Neo-Aristotelianism is a view of literature and rhetorical criticism propagated by the Chicago School[1]Ronald S. Crane, Elder Olson, Richard McKeon, Wayne Booth, and others — which means:

"A view of literature and criticism which takes a pluralistic attitude toward the history of literature and seeks to view literary works and critical theories intrinsically."[2]

In the field of Speech Communication, now Communication Studies, Neo-Aristotelianism was among the first rhetorical methods of criticism.[3] [4] The first mention of using Aristotle's concepts for criticism was in Hoyt Hopewell Hudson's 1921 essay, “Can We Modernize the Study of Invention?” where Hudson implied the use of topoi for “speech or argument.”[5] Its central features were more fully explicated in Herbert A. Wichelns's "The Literary Criticism of Oratory" in 1925. It focused on analyzing the methodology behind a speaker's ability to convey an idea to its audience.[6] In 1943, Neo-Aristotelianism was further publicized, gaining popularity after William Norwood Brigance published A History and Criticism of American Public Address.[7]

Unlike rhetorical criticism, which concentrates on the study of speeches and the immediate effect of rhetoric on an audience,[8] Neo-Aristotelianism "led to the study of a single speaker because the sheer number of topics to cover relating to the rhetor and the speech made dealing with more than a single speaker virtually impossible. Thus, various speeches by different rhetors related by form of topic were not included in the scope of rhetorical criticism."[9]

"The Literary Criticism of Oratory"

Wichelns' work was one of the first that introduced Neo-Aristotelianism. It narrowed down speech to 12 key topics to be studied, similar to many of the topics discussed by Aristotle in the Rhetoric. His topics for speech critique include:

According to Mark S. Klyn, author of "Toward a Pluralistic Rhetorical Criticism," "The Literary Criticism of Oratory" provided "substance and structure to a study which heretofore had been formless and ephemeral [...] it literally created the modern discipline of rhetorical criticism."[11] Thus regardless of the lack of detail on these topics, it provided a modern structure of critiquing and analyzing speech via Neo-Aristotelianism, according to Donald C. Bryant.[12]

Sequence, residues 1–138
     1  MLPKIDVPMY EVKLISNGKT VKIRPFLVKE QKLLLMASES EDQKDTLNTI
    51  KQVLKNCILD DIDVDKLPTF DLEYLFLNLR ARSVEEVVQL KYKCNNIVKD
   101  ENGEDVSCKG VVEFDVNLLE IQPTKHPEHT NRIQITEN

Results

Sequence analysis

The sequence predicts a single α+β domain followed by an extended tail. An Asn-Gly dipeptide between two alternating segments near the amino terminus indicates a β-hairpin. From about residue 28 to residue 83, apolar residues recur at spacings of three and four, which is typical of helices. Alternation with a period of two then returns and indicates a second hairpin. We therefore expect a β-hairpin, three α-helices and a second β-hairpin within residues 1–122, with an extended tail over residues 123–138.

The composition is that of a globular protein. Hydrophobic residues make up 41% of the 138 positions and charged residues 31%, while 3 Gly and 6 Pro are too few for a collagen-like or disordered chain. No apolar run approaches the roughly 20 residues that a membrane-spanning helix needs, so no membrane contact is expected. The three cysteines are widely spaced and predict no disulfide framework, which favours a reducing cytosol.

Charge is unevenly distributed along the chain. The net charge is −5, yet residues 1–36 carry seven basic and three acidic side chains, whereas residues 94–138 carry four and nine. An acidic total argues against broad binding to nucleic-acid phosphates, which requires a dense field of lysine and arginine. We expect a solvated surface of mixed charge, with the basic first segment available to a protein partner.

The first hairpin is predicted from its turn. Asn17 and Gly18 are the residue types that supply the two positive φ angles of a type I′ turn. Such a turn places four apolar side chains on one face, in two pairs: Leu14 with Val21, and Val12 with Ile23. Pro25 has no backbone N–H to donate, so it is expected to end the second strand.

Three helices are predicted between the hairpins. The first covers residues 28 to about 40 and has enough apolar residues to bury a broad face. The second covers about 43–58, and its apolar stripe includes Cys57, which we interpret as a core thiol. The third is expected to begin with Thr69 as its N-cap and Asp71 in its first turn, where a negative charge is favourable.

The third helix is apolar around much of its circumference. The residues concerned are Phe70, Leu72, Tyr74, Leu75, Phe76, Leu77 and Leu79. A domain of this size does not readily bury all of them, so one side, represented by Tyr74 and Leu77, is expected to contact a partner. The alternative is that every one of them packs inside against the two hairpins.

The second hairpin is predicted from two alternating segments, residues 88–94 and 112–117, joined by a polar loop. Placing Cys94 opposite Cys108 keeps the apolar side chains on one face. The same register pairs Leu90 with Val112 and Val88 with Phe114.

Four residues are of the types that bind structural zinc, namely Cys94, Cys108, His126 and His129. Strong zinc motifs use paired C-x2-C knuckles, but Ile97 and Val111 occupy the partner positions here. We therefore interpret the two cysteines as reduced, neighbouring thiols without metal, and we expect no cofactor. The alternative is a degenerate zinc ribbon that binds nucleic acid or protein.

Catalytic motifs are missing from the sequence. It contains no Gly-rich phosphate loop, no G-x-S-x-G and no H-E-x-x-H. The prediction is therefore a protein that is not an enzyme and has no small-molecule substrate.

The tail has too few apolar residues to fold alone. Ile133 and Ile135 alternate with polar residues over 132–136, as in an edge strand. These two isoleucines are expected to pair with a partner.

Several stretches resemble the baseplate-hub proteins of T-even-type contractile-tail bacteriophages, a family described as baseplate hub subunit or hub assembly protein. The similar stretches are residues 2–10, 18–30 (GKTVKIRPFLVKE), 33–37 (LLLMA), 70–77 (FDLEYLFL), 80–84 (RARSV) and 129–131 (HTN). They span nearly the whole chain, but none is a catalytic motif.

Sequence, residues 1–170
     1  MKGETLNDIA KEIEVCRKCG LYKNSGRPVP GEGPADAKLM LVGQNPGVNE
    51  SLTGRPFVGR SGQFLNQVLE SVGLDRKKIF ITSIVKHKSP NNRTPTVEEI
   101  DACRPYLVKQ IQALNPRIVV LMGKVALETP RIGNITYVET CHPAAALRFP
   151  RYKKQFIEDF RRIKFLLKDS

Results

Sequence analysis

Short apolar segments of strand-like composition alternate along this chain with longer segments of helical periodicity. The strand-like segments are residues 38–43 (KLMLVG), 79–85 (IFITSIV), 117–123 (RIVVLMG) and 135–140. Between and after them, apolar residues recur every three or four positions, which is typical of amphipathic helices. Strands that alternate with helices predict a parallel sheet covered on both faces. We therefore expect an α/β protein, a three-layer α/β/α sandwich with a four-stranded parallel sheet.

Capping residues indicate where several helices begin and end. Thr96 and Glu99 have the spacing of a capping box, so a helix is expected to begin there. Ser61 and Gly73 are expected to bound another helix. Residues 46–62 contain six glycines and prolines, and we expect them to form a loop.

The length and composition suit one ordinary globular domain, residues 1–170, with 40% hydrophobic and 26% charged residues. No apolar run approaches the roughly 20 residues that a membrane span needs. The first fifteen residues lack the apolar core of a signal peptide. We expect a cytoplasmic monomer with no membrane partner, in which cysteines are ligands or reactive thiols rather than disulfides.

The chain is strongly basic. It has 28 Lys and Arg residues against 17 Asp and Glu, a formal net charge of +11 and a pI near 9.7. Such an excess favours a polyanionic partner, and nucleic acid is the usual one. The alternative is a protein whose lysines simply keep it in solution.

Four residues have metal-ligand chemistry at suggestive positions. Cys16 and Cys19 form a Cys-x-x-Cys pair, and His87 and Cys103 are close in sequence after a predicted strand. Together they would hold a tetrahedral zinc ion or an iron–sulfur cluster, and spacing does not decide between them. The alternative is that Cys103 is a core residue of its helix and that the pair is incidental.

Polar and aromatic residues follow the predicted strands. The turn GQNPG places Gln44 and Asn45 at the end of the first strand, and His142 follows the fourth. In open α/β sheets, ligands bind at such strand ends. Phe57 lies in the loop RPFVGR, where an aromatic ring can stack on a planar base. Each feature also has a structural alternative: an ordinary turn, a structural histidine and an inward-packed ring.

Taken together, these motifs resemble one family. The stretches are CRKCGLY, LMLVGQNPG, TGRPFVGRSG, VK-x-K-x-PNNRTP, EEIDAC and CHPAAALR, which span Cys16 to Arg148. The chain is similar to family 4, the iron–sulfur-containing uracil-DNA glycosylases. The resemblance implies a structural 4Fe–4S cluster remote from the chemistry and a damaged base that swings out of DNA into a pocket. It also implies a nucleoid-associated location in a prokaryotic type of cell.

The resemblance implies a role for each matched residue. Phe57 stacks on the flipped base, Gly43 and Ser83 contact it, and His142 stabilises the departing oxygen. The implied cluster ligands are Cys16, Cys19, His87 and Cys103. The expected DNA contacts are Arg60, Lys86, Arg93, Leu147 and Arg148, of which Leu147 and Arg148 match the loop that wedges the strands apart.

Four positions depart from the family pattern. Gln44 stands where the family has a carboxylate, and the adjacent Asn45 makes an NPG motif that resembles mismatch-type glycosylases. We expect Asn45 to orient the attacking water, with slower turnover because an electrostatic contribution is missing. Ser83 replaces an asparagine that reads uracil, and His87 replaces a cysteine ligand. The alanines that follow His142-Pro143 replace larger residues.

See also

References

  1. ^ James P. Beasley, A prehistory of rhetoric and composition: New Rhetoric and neo-Aristotelianism at the University of Chicago, 1947–1959 Archived 2021-12-08 at the Wayback Machine, 2007, pp. 129
  2. ^ "Definition from The University of Toronto National Library". Archived from the original on 25 December 2007. Retrieved 4 January 2008.
  3. ^ Kuypers, Jim A. (2021). Rhetorical Criticism: Perspectives in Action, 3rd ed. Lanham, MD: Roman & Littlefield. p. 71.
  4. ^ Foss, Sonja K. (1996). Rhetorical Criticism: Exploration and Practice. Prospect Heights, IL: Waveland Press. p. 25. ISBN 9780881338737.
  5. ^ Jim A. Kuypers, "Hoyt Hopewell Hudson’s Nuclear Rhetoric”” Jim A. Kuypers and Andrew King, eds., Twentieth-Century Roots of Rhetorical Criticism Praeger, 2001.
  6. ^ Wichelns, Herbert A. (1925). "The Literary Criticism of Oratory". In Drummond, Alexander M. (ed.). Studies in Rhetoric and Public Speaking in Honor of James A. Winans. New York: Century. pp. 181–183.
  7. ^ Brigance, William Norwood (1943). A History and Criticism of American Public Address. New York: McGraw-Hill.
  8. ^ Foss., Sonja K (1996). . Rhetorical Criticism: Exploration and Practice. Prospect Heights, IL: Waveland Press.
  9. ^ Foss, Sonja K (1996). Rhetorical Criticism: Exploration and Practice. Prospect Heights, IL: Waveland Press. p. 26. ISBN 9780881338737.
  10. ^ Wichelns, Herbert A. (1925). "The Literary Criticisms of Oratory". Studies in Rhetoric and Public Speaking in Honor of James A. Winans. New York: Century. pp. 181–183.
  11. ^ Klyn, Mark S. (1968). "Toward a Pluralistic Rhetorical Criticism". Essays on Rhetorical Criticism. New York: Random House. p. 154.
  12. ^ Bryant, Donald C. (1958). The Rhetorical Idiom: Essays in Rhetoric, Oratory, Language, and Drama. Ithaca: Cornell University Press. p. 5.